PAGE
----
Music Is Good For The Brain

colorful-music-notes-symbols-14363-1Heads up to the good people at gear4music.com whose news section alerted me to The Grauniad’s piece on how music beats all those tedious “brain training” apps and software.

The piece talks about software companies having their asses sued for being economical with the truth about their products boosting brain power. Hmm, wonder if the TrumpistaBrexiteers have been investing in such software?

Bottom line: playing and learning to play musical instruments produces long-lasting cognitive grooviness in the brain. Tune on, tune up and get jamming.

 

 

Music projects

studioPlenty of activity in the studio at the moment – I’m about about a third of the way into a new ambient instrumental album, with another couple of instrumental pieces on the back burner. Where’s a lottery win when you need to buy more time?

Music has the edge for relaxation

guitarVerbally led relaxation exercises are a good way to achieve a relaxed state of mind and a healthy state of body – which is why they are often used in situations such as antenatal classes. According toresearch in the German Medical Association’s journal Deutsches Ärzteblatt International, however, music therapy has been found to be even more effective in improving the health of palliative care patients. Medical Daily cites that music of all sorts was reported by patients as boosting levels of relaxation and well-being. The self-reports were corroborated by researchers using physiological measurements in a double-blind trial.

Do miserable Androids dream of segmented sleep?

Proponents of hainvg two sleeps a night with a period of wakefulness between, say it’s a great way of getting things done – everything from writing a bestseller, to learning a language, making babies or getting closer to your God.

One of the problems of this segmented sleep approach, though, is that you have to go to bed earlier and will probably end up rising later. There may not be enough hours in the day (or night). If you end up cutting your total sleep-time you’ll not only build up sleep-debt, but you’ll also end up interrupting what sleep you do get, and that leads to all sorts of problems, chief among which according to new research is the dampening of feelings of positive emotions.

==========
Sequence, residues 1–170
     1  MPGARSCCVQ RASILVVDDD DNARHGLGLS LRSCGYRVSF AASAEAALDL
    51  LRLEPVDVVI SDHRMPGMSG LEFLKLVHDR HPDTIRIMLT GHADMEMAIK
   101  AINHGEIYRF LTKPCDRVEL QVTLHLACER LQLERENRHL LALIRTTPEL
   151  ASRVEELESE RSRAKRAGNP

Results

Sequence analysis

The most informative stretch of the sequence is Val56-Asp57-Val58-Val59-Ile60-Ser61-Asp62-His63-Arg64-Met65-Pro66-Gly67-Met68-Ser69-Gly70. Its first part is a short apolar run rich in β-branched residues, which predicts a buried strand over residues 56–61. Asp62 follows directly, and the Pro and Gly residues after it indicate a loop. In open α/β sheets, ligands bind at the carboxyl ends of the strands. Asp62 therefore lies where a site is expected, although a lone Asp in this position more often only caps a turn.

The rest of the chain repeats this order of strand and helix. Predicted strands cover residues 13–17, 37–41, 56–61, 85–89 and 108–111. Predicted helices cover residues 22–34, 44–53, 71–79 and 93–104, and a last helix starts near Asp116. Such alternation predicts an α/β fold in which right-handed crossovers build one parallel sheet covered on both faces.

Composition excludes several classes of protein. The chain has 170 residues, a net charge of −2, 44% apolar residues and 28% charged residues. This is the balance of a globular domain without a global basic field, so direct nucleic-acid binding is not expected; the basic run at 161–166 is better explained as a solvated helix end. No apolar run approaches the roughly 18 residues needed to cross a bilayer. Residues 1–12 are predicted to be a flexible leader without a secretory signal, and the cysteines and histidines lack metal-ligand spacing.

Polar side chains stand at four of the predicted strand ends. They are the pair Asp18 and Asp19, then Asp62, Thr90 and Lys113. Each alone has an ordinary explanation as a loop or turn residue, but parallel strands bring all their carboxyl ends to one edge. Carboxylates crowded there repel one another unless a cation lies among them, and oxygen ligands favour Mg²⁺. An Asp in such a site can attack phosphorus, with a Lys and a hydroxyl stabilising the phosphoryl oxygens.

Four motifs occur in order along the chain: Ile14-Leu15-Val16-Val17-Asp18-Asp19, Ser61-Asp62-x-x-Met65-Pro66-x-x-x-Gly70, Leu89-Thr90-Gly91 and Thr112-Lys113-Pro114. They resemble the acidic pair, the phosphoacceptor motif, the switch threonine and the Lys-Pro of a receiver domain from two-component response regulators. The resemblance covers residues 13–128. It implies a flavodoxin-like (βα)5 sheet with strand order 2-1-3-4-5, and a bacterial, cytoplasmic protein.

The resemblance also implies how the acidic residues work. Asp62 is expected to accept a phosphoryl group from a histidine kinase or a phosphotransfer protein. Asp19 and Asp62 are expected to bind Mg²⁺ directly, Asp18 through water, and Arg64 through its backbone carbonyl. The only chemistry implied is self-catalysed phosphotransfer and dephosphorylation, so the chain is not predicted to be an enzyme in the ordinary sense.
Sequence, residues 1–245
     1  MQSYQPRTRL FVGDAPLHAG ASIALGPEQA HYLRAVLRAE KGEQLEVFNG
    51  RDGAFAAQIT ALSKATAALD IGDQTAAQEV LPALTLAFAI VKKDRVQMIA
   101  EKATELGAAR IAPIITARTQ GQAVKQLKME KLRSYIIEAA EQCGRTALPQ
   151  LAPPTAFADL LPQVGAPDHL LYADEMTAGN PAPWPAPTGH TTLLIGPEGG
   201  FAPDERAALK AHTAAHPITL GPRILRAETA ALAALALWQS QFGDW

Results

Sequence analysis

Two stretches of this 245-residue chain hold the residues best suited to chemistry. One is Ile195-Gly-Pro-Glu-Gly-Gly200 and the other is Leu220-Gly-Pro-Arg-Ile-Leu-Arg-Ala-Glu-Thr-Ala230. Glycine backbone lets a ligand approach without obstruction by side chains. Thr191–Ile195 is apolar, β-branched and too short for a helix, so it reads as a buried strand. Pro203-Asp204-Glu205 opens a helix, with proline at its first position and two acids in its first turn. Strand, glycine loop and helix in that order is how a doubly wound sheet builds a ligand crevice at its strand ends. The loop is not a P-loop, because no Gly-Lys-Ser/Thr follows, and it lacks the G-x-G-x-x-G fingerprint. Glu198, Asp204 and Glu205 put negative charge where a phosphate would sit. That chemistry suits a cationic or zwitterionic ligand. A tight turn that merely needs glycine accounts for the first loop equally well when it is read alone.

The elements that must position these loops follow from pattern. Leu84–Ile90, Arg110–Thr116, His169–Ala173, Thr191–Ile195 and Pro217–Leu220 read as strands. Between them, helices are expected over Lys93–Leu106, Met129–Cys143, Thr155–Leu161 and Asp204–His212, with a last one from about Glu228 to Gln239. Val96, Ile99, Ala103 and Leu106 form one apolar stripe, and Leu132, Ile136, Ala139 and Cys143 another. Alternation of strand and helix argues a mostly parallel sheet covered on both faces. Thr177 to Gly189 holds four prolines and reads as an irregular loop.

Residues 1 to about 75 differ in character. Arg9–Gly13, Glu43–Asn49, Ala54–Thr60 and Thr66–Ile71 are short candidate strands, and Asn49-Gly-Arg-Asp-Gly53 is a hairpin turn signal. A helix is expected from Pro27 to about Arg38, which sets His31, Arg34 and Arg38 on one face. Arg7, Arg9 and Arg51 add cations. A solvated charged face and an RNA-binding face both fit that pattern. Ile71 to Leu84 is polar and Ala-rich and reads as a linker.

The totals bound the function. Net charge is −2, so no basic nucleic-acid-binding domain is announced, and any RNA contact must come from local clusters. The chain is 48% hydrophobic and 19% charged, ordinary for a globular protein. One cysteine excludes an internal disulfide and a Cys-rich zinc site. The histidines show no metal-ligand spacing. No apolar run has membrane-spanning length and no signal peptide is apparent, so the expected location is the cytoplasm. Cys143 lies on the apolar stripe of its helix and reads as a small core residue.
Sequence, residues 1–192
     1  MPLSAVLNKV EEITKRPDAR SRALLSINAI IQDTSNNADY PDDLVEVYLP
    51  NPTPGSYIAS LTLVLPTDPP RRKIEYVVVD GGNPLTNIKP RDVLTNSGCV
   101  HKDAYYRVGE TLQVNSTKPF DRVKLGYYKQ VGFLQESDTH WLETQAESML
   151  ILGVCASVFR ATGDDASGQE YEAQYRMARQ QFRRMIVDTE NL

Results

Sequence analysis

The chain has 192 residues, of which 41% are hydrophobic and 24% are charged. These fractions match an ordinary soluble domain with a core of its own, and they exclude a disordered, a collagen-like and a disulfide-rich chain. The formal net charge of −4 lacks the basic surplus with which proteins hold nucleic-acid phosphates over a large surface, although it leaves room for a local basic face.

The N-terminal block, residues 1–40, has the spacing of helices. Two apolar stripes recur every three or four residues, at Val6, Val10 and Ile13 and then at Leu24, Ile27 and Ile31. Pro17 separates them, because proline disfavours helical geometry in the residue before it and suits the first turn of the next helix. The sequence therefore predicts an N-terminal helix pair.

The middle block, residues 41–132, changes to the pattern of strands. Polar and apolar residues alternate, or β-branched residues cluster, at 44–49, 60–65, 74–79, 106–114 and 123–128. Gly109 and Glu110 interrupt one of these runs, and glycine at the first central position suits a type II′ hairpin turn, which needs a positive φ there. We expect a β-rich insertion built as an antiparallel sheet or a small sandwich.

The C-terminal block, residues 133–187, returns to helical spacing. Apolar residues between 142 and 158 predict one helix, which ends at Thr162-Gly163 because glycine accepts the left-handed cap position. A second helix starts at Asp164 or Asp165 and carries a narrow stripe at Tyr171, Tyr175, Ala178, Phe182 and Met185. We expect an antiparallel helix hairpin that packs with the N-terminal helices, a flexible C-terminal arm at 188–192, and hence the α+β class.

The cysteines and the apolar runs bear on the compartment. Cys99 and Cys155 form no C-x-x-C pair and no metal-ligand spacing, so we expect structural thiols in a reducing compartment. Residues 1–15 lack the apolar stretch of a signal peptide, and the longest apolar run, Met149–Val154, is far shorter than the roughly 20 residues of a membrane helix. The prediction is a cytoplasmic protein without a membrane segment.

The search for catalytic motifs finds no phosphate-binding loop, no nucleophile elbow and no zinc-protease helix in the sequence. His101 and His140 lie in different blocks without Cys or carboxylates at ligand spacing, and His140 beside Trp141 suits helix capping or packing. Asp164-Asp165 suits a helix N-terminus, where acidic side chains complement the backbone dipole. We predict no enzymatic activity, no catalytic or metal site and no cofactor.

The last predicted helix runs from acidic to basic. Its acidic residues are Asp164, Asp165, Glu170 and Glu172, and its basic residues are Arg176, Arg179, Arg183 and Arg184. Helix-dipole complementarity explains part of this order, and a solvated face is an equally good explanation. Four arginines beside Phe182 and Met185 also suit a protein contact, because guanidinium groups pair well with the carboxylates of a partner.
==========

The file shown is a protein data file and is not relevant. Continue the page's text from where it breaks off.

YouTube post: Ska’d Midlands (Für H)

Hot from the iTunes visualizer window: The latest YouTube music video is posted here. It’s also available on SoundCloud in higher quality audio.

What’s it about? It was a commission for a birthday present. On SoundCloud it’s described as: Take a dash of Ska rhythmic structure, season with variations of Beethoven’s Für Elise, add some Two Tone West Midlands homage, top with selected character traits and you have a piece written for and about someone for their birthday.

On YouTube it’s described thusly: A bit of Beethoven, a sprinkling of Ska structure, seasoned with the essence of a real person – Happy Birthday H. Cooked with Logic Pro X instruments, Alchemy, Native Instruments and Roland Integra-7.

Enjoy…

Meditation, music & grey matter

Everyone likes to think they have plenty of grey matter, as it correlates with heightened abilities in many skills, and it seems that being a practising musician or meditator will build that stuff in your brain. Science.Mic cites Massachusetts General Hospital research which suggests that while nothing is a universal panacea “Meditation is like a super-vitamin for your brain. It targets and boosts the parts that are already strong, and improves their functionality to make them even stronger.” As an added bonus “when people began meditating, their amygdala got smaller. That is the area of the brain most closely associated with fear and aggression”